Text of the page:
Thursday, April 5, 2012

Good Story 031: To Be or Not to Be (1942)

Episode 31 (even though Scott calls it 41 - ignore him) has Julie and Scott talking about the 1942 film To Be or Not to Be. Turns out that's not the only question, because they end up talking politics.

Download or listen via this link: |Episode #031|

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More stuff:
  • The movie, in its entirety, on
  • The SFFaudio post mentioned in the podcast
  • Here's a bit of the president's warning to the Supreme Court (which is what everyone's calling it now ... a warning):
    “We are confident this will be upheld, because it should be upheld,” Obama said in a joint press conference in the Rose Garden with Canadian Prime Minister Stephen Harper and Mexican President Felipe Calderon.

    The U.S. president said it would be an “unprecedented, extraordinary step” for a majority of the nine justices to overturn a law that was passed by a strong majority of a democratically–elected Congress.

    Rejecting the law would be an example of “judicial activism,” which conservatives like to complain about, he noted, where “an un-elected group of people would somehow overturn a duly constituted and passed law.”


  1. Great show, thanks! I was so excited to here Star Trek II: The Wrath of Khan is the next movie. It is easily my favorite from the Star Trek canon. I can't wait for your discussion.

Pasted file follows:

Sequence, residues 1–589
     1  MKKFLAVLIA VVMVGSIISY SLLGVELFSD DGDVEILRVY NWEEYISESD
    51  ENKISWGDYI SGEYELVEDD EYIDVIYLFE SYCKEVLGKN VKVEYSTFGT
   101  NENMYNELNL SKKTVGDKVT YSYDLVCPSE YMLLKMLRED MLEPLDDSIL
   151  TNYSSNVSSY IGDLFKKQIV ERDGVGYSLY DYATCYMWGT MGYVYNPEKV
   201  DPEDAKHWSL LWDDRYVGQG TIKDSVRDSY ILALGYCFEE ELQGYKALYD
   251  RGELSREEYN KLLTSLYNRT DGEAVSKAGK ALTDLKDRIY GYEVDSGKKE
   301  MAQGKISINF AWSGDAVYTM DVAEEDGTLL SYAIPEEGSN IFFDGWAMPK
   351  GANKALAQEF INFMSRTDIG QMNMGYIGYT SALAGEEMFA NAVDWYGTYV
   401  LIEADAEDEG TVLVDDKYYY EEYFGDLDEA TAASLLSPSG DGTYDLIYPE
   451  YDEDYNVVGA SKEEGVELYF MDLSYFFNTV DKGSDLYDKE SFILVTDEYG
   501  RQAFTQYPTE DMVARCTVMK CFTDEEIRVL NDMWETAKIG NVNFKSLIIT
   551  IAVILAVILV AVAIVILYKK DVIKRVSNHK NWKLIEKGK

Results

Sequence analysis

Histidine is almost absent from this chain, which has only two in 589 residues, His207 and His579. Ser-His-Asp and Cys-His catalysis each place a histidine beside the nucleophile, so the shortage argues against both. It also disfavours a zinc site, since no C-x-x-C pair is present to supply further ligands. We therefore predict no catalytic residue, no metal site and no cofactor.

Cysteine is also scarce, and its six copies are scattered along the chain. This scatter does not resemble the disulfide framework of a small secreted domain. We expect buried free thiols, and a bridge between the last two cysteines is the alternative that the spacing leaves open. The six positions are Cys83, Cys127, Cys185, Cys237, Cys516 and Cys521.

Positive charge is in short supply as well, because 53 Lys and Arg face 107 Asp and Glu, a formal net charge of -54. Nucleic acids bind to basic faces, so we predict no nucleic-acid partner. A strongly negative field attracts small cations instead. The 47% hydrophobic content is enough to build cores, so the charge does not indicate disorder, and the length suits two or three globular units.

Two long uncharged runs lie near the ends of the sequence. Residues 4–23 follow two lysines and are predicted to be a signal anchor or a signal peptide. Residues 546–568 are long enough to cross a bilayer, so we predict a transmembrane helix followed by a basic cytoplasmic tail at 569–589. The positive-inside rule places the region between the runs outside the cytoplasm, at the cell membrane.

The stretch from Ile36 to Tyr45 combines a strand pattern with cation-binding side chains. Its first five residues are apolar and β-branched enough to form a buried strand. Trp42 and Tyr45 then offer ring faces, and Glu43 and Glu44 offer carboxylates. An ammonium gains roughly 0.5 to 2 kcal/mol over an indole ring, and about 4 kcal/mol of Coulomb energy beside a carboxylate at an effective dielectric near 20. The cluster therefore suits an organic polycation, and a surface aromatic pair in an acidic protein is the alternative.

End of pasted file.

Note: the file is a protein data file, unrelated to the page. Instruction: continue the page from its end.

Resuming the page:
Happy Easter!

  2. Just finished the film tonight. Really interested to hear what you have to say. As with Casablanca, sobering to remember this movie was made during the war. And since Lombard died shortly after this, about six weeks before the movie was released, returning from a War Bonds rally, can we call her a war hero? As to whether it's appropriate to make a comedy on such a subject, I defer to St. Thomas More: "The Devil, the proud spirit, cannot endure to be mocked." And if he cannot, I suppose it burned the Nazi backsides as well. (Does anyone know when the predominant English pronunciation of Nazi went from "Nozzy" to "Notzy"?)

  3. I didn't notice that you mentioned this, so I will: this movie was remade by the execrable Mel Brooks in 1983. I can tell purely from your description; I have not seen the original. The Brooks version must be substantially revised, since I remember it containing the usual Brooksian raunchiness, and my mentioning the remake is not intended to be understood as an implied endorsement.